Anglers who fish near the headwaters of the Minnesota River in Traverse, Big Stone, western Lac Qui Parle, western Swift, western Yellow Medicine and northern Lincoln counties benefit from the management, habitat and oversight work of the Minnesota Department of Natural Resources' Ortonville area fisheries staff.
Area Fisheries Supervisor Chris Domeier and a staff of five full-time employees manage 50 fishing lakes and 2,000 miles of rivers and streams. Those waters include popular fishing destinations such as the Big Stone, Lac Qui Parle and Traverse lakes – shallow productive fisheries that produce abundant yellow perch, walleyes, northern pike and panfish.
An Ortonville fisheries crew at work along a western Minnesota river.
Click a fact below to view or hide it
Virtually all the work of the Ortonville area fisheries staff is funded by money raised through fishing license sales. But reductions in buying power due to increasing costs for products, services and equipment have put this work and the recreational opportunities it creates at risk.
In response, the DNR is seeking a fishing license fee increase in the 2017 legislative session. The increase would raise the price of a resident annual fishing license from $22 to $25. Other fishing license types also would increase. The proposed increases should sustain existing fisheries operations until 2021.
The increase for an individual license – roughly the price of a scoop of minnows – will not add staff or build programs. Rather, it will simply sustain existing programs and area office budgets, many of which already are reduced.
State law prohibits tax dollars, including funds generated by the Minnesota Legacy Amendment and Minnesota State Lottery, from funding area fisheries offices and the core work they do. Fisheries management that creates world-class fishing here in Minnesota is a user-funded, user-benefit system.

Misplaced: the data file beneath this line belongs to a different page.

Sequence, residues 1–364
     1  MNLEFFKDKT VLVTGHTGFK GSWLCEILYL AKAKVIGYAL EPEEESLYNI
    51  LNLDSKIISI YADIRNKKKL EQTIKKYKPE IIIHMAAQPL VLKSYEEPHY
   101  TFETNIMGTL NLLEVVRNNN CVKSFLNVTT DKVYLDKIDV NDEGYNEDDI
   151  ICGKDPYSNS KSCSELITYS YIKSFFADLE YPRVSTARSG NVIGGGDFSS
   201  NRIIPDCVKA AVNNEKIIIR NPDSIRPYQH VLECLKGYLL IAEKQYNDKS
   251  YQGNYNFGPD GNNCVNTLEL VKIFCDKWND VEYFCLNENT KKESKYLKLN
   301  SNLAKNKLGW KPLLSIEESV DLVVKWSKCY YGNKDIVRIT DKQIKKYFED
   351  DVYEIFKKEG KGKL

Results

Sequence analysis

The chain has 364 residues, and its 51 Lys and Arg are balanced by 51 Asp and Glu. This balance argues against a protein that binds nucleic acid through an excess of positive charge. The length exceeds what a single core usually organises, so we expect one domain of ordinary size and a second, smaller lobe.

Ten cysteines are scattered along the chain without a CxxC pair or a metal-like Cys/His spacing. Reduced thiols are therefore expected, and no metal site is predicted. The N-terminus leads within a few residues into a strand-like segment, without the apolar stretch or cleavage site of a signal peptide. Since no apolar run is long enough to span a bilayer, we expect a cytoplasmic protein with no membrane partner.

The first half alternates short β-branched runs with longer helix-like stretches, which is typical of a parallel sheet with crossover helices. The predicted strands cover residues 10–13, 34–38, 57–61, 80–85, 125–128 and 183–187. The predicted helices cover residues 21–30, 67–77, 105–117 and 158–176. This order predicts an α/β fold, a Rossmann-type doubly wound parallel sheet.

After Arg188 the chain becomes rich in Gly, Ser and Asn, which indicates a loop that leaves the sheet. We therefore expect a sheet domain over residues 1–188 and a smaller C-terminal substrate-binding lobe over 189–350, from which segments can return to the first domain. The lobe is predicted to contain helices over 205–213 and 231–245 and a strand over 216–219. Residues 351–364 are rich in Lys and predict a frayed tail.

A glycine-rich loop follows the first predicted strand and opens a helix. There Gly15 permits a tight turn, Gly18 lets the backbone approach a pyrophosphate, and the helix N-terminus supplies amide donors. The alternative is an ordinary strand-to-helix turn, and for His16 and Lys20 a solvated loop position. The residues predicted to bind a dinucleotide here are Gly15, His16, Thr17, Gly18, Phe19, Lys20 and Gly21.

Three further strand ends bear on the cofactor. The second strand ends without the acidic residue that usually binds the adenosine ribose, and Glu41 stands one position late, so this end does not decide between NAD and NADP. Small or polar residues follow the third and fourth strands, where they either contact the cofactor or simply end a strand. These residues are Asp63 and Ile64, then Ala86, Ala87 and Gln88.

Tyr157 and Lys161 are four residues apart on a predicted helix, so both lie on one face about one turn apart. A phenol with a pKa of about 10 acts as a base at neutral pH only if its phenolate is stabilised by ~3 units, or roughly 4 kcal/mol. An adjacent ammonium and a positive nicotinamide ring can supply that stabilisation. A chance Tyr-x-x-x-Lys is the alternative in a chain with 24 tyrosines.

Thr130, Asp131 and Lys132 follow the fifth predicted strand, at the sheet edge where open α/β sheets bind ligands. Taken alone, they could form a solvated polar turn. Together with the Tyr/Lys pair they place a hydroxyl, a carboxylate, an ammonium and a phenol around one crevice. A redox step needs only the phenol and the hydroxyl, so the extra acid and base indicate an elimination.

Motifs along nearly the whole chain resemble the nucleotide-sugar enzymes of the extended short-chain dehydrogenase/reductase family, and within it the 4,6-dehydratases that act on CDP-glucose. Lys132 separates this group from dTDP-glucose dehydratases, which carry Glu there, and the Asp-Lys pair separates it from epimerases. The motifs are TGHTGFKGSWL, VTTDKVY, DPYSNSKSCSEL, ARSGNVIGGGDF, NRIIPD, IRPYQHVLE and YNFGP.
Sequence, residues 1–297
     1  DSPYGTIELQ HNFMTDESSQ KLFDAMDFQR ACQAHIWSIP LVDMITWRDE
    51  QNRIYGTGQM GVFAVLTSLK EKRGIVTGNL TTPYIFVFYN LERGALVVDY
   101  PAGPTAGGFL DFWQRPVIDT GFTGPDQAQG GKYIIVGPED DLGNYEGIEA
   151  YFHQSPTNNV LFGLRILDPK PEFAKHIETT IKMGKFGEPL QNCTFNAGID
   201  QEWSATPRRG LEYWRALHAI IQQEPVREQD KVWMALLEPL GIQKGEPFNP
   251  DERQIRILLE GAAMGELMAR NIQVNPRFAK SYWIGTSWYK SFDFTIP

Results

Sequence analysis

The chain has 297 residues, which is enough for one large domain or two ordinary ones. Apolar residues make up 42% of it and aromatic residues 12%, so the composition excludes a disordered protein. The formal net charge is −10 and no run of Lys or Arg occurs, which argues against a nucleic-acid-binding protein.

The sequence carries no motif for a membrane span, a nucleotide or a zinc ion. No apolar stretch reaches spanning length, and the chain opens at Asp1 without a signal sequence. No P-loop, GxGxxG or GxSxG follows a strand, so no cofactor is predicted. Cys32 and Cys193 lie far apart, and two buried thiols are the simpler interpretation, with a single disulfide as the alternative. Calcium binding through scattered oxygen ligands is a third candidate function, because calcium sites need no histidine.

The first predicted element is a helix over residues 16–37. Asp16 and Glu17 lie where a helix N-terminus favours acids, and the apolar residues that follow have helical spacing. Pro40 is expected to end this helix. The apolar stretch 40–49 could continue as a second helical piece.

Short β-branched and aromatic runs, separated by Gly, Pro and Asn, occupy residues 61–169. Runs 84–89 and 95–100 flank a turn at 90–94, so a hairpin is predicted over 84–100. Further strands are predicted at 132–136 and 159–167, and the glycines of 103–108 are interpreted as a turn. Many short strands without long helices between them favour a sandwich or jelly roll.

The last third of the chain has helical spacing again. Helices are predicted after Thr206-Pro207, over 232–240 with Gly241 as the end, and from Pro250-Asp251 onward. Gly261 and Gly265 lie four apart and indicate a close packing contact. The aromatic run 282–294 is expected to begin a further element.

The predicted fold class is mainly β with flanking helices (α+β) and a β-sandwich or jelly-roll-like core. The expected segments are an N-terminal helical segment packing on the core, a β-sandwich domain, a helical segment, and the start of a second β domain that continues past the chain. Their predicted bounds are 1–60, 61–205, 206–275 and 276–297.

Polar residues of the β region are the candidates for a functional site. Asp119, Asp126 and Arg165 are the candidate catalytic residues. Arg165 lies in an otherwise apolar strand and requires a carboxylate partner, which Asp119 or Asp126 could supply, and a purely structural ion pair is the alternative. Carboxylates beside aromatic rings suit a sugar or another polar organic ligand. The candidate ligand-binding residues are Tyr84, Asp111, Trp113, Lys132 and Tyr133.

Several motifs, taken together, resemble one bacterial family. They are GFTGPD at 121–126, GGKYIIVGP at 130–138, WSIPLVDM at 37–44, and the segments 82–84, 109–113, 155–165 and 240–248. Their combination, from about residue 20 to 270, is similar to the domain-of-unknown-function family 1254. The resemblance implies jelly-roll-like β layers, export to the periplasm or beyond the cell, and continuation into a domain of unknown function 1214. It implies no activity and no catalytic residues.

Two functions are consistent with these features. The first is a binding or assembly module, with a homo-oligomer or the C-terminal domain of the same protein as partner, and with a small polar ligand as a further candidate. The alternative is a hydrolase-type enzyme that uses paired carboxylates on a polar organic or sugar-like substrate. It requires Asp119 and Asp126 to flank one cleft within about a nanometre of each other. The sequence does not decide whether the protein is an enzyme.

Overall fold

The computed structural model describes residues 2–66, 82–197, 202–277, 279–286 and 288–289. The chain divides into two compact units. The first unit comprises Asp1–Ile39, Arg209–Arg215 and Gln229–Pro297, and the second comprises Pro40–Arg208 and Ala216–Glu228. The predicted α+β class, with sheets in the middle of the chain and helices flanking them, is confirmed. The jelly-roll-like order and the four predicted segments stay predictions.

General hunting and fishing license fees were last increased in 2012 at an amount designed to keep game and fish operations solvent for about six years. Prior to that, it had been 10 years since the last general fee increase. Periodic fee increases – one about every five years since 1970 – are how Minnesota funds routine fisheries management. Many fishing organizations traditionally have supported periodic fee increases because high-quality fishing is recreation worth paying for.
In November 2016, the Game and Fish Fund Budget Oversight Committee – a citizen group that monitors the DNR's fisheries, wildlife and enforcement revenues and expenditures – recommended that the Legislature increase fishing and hunting license fees during the 2017 legislative session.
The DNR's fisheries section has a long tradition of belt-tightening. Statewide, staff size is down about 13 percent from roughly a decade ago. Moreover, the section is holding an additional 24 vacancies, most of which will not be filled even with fee increase. This means it is common for field offices to have fewer employees and leaner budgets than they once did.
|Chris Domeier||Ortonville area fisheries email@example.com|
|Kyle Anderson||Ortonville assistant area fisheries firstname.lastname@example.org|
|BJ Bauer||Fisheries email@example.com|
|Doug Pierzina||Fisheries firstname.lastname@example.org|
|Jeff Malzahn||Fisheries email@example.com|
|Noelle Haukos||Office administrative firstname.lastname@example.org|